“There is a really deep well inside me.  And in it dwells God.

Sometimes I am there, too . . . And that is all we can manage

these days and also all that really matters:  that we safeguard

that little piece of You, God, in ourselves.”

The above words were written by Etty Hillesum, a young Jewish woman who lived during the Nazi invasion of Holland in the 1940’s.  Those were dark and uncertain times, full of much fear and suffering.  Etty herself experienced that suffering first hand in a place called Westerbork, a “holding camp” where she wrote these words before finally being deported to a concentration camp where she died.  It is amazing to read her diaries and see how she managed to keep her faith and trust in God and in the goodness of humanity.

I can’t help but make comparisons between her time and ours.  Even though the suffering endured by millions of people was much more than we can imagine, our world today is dark and uncertain too.  Everywhere we turn there is sickness and death, fear and division, unrest and injustice.  It seems like the whole world has lost its way.

That leaves me with the question – How do I/we safeguard that little piece of God within us?  Here are some suggestions that I am trying to put into practice as I struggle to find peace, calm, truth and beauty amid the global pandemic and all the other frightening things going on around us.

  • Limit intake of the news, talk shows and opinions of the “experts”, whether that be TV, apps on the phone, Facebook, etc. Listen instead to music, uplifting podcasts, unbiased news reporting.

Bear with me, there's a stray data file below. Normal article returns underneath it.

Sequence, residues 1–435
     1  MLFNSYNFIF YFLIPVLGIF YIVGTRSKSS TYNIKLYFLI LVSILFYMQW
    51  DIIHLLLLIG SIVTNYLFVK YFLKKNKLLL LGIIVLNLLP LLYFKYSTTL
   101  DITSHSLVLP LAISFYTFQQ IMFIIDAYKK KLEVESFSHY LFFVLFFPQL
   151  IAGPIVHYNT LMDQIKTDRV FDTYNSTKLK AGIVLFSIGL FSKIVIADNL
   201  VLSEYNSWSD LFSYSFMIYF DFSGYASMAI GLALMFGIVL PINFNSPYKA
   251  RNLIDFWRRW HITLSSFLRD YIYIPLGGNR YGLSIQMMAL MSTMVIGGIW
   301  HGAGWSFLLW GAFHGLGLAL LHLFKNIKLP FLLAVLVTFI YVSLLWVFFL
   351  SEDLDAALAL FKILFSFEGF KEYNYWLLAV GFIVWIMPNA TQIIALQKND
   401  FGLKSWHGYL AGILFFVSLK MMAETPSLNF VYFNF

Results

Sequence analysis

• Get outside every day in nature.  Go for a walk if you can or simply sit outdoors with your feet grounded in the earth.
  • Look for beauty every day and add some beauty of your own to the world.
  • Spend 20 minutes each day in silence, letting go of all fears, worries, concerns and negativity and rest in the Holy Presence.
  • Stay away from those people who are toxic with their negativity, anger, strong opinions, control, etc. and instead connect with those who nurture you, feed your soul and leave you feeling better and hopeful.

No doubt, there are countless other things we can do to help ourselves and others get through these dark and challenging times.  We can be light for one another.  We must be light for one another.  The famous Eastern poet Rumi penned these words over 800 years ago but they are also relevant today:  “But it is still dark: if our hearts do not hold a lantern, we will stumble over each other, huddled beneath the sky as we are.”

 – Sallie Bachar